Indeed, these observations, as I said before, sound even more valid today than they were in 2004. We now have Google Cars driving around in California and Warren Buffett seriously discussing that they may destroy the auto insurance industry in the next decade. There are more voice-activated systems dealing with customer service and bots doing sales chats online than ever. Kasparov's defeat by Deep Blue in 1997 has now been bested by Watson winning Jeopardy, but not just that: Last week, we learnt that Watson can now present an argument (read here). In summary, the developments the authors were talking about in 2004, are now getting to the capability levels that may start replacing human labour.

We can treat these developments with alarm, noting the shrinkage of the human domain, or with celebration of human ingenuity, as these things may be seen as a realisation of human imagination: Someone wrote these events down as Science Fiction first. And, indeed, Sci-Fi, the blend of expert thinking about what's possible, and complex communication, making it understandable and desirable, remains firmly in human territory. In fact, Sci-Fi demonstrates the third ability where humans may trump computers: Meta-cognition, or thinking about how to think. Imagining what might be comes with breaking down the barriers, which starts with why it is this way: Computerisation has gone from the level of the thermostats which turning down the heaters when the room reaches a certain temperature to asking why the heater should be turned down at all and adjusting itself with the outside temperature and number of people in the room, but it may still remain limited to turning the heater down rather than opening the window, even it had the capacity to do so, because that will involve judgements and 'mood', the domain of meta-cognition.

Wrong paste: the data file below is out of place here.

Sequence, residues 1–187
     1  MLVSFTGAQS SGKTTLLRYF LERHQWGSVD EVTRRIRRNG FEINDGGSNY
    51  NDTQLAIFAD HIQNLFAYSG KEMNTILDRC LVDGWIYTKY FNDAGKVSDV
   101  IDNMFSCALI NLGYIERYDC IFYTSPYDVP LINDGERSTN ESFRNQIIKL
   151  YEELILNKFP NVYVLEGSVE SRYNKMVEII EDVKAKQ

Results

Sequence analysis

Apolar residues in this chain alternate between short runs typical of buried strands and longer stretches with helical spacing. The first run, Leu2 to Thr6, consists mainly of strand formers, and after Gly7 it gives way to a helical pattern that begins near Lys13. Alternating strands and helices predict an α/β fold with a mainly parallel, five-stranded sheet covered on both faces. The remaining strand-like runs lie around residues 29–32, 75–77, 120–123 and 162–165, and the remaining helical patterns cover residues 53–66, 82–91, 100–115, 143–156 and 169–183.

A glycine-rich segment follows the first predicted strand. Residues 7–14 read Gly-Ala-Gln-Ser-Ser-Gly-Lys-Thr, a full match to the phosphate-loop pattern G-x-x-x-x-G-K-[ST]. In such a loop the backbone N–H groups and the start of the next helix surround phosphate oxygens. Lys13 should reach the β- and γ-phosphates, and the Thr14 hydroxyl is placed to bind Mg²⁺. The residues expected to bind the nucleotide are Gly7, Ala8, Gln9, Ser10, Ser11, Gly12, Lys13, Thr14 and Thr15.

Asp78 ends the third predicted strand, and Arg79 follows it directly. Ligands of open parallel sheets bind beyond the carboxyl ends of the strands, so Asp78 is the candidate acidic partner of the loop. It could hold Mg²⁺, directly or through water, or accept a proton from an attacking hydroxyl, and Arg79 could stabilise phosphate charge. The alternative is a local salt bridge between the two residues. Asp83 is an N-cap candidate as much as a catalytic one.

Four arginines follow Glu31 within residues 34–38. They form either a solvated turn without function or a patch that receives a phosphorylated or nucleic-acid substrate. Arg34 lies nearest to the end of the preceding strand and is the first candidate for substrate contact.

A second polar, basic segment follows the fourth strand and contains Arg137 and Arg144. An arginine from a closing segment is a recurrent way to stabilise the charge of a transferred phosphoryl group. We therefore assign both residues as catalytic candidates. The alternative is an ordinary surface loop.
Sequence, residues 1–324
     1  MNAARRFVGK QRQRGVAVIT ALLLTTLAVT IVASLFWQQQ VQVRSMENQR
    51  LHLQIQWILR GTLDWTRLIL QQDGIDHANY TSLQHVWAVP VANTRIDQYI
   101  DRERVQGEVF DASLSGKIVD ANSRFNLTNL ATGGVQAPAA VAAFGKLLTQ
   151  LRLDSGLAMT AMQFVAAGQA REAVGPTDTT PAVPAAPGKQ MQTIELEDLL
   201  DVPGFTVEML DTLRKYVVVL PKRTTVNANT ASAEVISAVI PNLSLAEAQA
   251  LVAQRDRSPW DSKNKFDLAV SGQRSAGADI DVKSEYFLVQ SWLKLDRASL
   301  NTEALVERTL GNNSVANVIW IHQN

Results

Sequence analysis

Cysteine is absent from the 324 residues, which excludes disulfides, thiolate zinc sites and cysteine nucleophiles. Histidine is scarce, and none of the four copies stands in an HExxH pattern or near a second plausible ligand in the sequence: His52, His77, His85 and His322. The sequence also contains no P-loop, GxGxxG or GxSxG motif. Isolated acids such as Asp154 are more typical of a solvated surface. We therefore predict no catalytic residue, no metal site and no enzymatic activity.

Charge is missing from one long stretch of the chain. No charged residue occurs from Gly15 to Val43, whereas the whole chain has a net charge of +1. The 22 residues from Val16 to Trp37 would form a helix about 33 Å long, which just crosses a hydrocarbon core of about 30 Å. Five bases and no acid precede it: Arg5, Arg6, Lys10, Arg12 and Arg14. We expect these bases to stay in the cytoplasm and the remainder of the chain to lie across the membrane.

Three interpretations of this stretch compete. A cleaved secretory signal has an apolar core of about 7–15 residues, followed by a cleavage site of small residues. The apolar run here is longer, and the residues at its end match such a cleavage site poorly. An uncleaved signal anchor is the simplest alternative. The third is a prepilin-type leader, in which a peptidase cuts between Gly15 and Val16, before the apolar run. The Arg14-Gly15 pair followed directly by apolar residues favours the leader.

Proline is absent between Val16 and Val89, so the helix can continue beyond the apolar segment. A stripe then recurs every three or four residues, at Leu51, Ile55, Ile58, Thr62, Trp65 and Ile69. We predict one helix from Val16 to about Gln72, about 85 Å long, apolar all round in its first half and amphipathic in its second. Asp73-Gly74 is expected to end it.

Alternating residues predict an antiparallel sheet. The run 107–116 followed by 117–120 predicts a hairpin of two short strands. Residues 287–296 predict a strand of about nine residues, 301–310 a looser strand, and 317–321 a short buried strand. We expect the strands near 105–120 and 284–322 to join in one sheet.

If the educators ignore this book as yet another economics treatise, it will be a tragedy for another reason: In this, they could find some of the strongest arguments against the current thinking about For-Profit driven educational expansion. The authors closely examine two very successful corporate learning programmes, Basic Blue for IBM Managers and CISCO Networking Academies for schools, and how a human-computer combination is driving the agenda. However, they also explore why these companies are doing what they are doing, and come to the expected conclusion that private money will almost always be directed to the areas of immediate pay-off. This, the authors argue, is limiting at a time when we need to change our education systems to create capabilities for the future (which is almost present now), and argues for a public role in this new kind of education. 

Since 2004, however, it is the opposite argument which has gained ground. The educators have been told to tie themselves down ever more closely with the employers. Governments all over the world saw private investment as the panacea for education problem, and more or less started giving a free hand to For-Profit operators both in schools and in higher education. The role of the community is shrinking, partly because the educators have responded the challenge posed by technology with denial and disdain. And, more and more money has been poured into training for skills and abilities which will be redundant sooner. Given this, this 2004 book has become more and more relevant.